The pre-season build-up ahead of the 2008–09 season was disappointing for the club. Due to heavy spending during the previous season, the club's net spending was almost nil. Furthermore, club legend Mark Schwarzer left the club after eleven years, joining Premier League rivals Fulham on the expiration of his contract.[50] Furthermore, key players such as George Boateng and Lee Cattermole also left the club, once again leaving Southgate with a rebuilding challenge to change Middlesbrough's fortunes.[51][52] Despite the negative events during pre-season, Middlesbrough secured two victories out of a possible three, resulting in Southgate being named the Premier League Manager of the Month for August. This made Southgate the second person, after Stuart Pearce, to achieve both the Player and Manager of the Month awards, and he became the first Middlesbrough manager to win the award since Terry Venables in January 2001.[53]

In November 2008, Southgate took Middlesbrough up to eighth place in the league, following an away win against an in-form Aston Villa, another former playing club of Southgate's; however, Middlesbrough then went fourteen games without a win, until they beat Liverpool at home 2–0 on 28 February 2009.[54] After an away defeat against Stoke City, some of the travelling supporters were calling for his dismissal, having only achieved a single win in eighteen games and survival from relegation looking highly unlikely. On 24 March, chairman Steve Gibson spoke out on the manager's future, stating that sacking Southgate "would not help the situation".[55]

Due to results elsewhere, Middlesbrough's status as a Premier League club went down to the final day: they needed relegation rivals Newcastle United and Hull City to lose, with them needing a five-goal swing to the latter in goal difference.[56] Middlesbrough faced West Ham United away from home; the game ended in a 2–1 defeat, confirming Middlesbrough's relegation to the Championship after eleven consecutive seasons in the top-flight, as a 19th-place finish was confirmed.[57] Following their relegation, Southgate expressed his determination to achieve instant promotion back up to the Premier League, praising the supporters and showing his sorrow for them in the process.[58]

Middlesbrough's Championship campaign started strongly, putting them in contention for an immediate return to the Premier League. However, on 20 October 2009, shortly after a 2–0 victory over Derby County and with the club in fourth place, Southgate was dismissed as manager. His dismissal was controversial as he had taken Middlesbrough to within one point of the top position,[59][60] though chairman Gibson stated that he had made the decision weeks previously in the best interests of the club.[61] He was replaced by Gordon Strachan, who was unable to take the club back to the Premier League.[62] Middlesbrough would have to wait until 2016 to achieve promotion to the Premier League, under the management of Aitor Karanka.[63]

England edit

2013–2016: Tenure with the under-21s edit

Southgate in 2013

After four years out of football, Southgate returned to management after he signed a three-year contract to succeed Stuart Pearce as the manager of the England under-21 team on 22 August 2013.[64] Senior team manager Roy Hodgson had taken charge for the team's 6–0 victory over Scotland in the interim period prior to Southgate's appointment.[65][66] His first game in charge saw the Young Lions defeat Moldova 1–0 in a UEFA European Championship qualification match, thanks to a goal from striker Saido Berahino.[67]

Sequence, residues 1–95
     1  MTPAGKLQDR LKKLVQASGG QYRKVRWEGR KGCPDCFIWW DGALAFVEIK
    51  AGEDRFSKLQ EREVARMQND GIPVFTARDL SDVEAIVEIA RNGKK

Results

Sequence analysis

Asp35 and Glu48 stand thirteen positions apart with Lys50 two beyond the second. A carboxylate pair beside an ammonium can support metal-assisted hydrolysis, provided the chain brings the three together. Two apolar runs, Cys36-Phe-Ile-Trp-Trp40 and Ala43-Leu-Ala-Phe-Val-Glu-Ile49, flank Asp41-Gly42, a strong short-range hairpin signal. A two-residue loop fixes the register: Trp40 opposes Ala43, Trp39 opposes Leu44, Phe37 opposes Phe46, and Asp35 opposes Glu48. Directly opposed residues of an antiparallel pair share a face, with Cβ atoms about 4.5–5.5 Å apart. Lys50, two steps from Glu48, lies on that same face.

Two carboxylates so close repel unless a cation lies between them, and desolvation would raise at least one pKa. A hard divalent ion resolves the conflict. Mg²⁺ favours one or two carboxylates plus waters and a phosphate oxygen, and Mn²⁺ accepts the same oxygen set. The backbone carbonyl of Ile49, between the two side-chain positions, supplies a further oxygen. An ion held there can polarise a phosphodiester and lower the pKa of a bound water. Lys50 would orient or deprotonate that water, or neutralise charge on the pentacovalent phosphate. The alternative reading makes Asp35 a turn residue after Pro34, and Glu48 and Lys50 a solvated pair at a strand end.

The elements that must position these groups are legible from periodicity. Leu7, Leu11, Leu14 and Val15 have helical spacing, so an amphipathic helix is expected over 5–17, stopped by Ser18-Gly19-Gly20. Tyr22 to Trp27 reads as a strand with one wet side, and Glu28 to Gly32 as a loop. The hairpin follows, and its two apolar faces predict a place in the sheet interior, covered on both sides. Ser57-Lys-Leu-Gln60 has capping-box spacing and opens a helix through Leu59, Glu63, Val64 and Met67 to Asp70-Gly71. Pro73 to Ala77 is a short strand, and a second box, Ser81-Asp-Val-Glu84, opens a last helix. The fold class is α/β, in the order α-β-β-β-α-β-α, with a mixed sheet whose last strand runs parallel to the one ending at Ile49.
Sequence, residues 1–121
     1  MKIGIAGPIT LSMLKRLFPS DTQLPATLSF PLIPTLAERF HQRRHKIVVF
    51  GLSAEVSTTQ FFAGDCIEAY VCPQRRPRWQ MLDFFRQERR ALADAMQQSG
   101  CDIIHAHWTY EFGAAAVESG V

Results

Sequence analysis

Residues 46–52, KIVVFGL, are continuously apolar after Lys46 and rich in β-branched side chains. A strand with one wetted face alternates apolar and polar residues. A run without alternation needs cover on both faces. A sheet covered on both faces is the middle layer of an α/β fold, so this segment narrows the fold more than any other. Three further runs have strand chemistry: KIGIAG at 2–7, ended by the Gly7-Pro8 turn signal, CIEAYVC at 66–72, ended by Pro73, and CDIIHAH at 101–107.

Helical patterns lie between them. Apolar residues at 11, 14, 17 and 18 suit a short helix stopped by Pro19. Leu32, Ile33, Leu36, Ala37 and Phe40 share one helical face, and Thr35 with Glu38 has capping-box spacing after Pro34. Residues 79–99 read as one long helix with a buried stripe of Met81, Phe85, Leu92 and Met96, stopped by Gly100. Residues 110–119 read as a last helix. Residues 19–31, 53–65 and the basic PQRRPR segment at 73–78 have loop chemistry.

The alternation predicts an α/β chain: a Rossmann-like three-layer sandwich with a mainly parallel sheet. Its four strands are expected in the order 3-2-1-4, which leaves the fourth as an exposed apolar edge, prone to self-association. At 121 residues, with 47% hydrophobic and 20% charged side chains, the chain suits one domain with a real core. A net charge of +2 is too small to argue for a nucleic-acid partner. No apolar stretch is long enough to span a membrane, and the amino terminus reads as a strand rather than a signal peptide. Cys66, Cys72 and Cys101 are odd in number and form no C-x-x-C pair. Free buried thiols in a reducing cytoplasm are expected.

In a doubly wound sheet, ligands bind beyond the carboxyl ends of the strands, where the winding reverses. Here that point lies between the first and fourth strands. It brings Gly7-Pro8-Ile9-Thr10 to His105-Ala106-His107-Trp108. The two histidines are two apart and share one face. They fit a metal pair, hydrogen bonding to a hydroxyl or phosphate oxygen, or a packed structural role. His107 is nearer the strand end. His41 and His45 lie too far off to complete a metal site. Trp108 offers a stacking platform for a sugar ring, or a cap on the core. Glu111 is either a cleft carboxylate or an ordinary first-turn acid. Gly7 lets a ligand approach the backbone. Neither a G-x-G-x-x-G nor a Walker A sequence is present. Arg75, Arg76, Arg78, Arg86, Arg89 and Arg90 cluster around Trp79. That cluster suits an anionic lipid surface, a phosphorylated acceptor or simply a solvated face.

Southgate would go on to lead his team to qualify for the finals of the 2015 European Championship; their good fortune could not continue however, as they finished bottom of their narrow-pointed group, therefore being knocked out of the competition. Their only victory during the competition came when Jesse Lingard scored the singular goal in their 1–0 success over Sweden, who would go on to qualify for the competition's knockout phase.[68]

In June 2016, Southgate said that he did not want to fill the England senior team position left vacant by Hodgson.[69]

2016–2017: Promotion to senior team role edit

Southgate was put in temporary charge of the senior England team on 27 September 2016, when Sam Allardyce resigned.[70] England were in the early stages of qualifying for the 2018 FIFA World Cup. After winning his first game in charge 2–0 against Malta,[71] under Southgate's leadership, England went on to draw 0–0 with Slovenia,[72] beat Scotland 3–0,[73] and in his last game in temporary charge, drew 2–2 with Spain, despite leading 2–0 and conceding goals in the 89th and 96th minutes.[74] Southgate's spell as caretaker manager ended on 15 November,[75] with him appointed on a permanent basis when he penned a four-year contract two weeks later.[76]

2018 World Cup edit

Southgate with England at the 2018 FIFA World Cup

The England team qualified for the 2018 FIFA World Cup on 5 October 2017 after a 1–0 home win over Slovenia.[77] The Football Association confirmed in December that Southgate would remain as England manager even if the team did not progress beyond the group stage of the tournament, describing their expectations as "realistic" and the tournament as "a really important staging post for our development".[78]

After wins against Tunisia and Panama saw England qualify behind Belgium in their group, Southgate's England beat Colombia 4–3 on penalties in the round of 16 after a 1–1 draw on 3 July 2018 to claim his nation's first ever World Cup penalty shoot-out victory and a place in the quarter-finals.[79] England then defeated Sweden 2–0 in the quarter-finals on 7 July, with Southgate becoming the first England manager to reach the semi-finals of a World Cup since Bobby Robson in 1990.[80] This success bought Southgate significant admiration from England fans.[81] For the semi-final with Croatia, fans dressed up in waistcoats in tribute to Southgate's iconic waistcoat, which he wore during England's matches: retailer Marks & Spencer reported a 35% increase in sales of waistcoats,[82][83][84] and the hashtag 'WaistcoatWednesday' trended on Twitter.[84][85]